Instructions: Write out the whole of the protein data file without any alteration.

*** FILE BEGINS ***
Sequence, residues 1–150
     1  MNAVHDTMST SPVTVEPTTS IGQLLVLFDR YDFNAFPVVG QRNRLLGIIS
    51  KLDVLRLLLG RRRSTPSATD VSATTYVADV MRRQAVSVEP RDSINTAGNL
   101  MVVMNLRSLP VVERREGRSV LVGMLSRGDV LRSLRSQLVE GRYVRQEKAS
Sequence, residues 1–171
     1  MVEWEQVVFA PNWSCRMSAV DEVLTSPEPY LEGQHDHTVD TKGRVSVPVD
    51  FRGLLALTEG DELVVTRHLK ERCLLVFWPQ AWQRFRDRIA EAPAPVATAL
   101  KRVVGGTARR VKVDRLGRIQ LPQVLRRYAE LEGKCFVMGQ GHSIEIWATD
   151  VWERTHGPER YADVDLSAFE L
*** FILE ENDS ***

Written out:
Sequence, residues 1–150
     1  MNAVHDTMST SPVTVEPTTS IGQLLVLFDR YDFNAFPVVG QRNRLLGIIS
    51  KLDVLRLLLG RRRSTPSATD VSATTYVADV MRRQAVSVEP RDSINTAGNL
   101  MVVMNLRSLP VVERREGRSV LVGMLSRGDV LRSLRSQLVE GRYVRQEKAS
Sequence, residues 1–171
     1  MVEWEQVVFA PNWSCRMSAV DEVLTSPEPY LEGQHDHTVD TKGRVSVPVD
    51  FRGLLALTEG DELVVTRHLK ERCLLVFWPQ AWQRFRDRIA EAPAPVATAL
   101  KRVVGGTARR VKVDRLGRIQ LPQVLRRYAE LEGKCFVMGQ GHSIEIWATD
   151  VWERTHGPER YADVDLSAFE L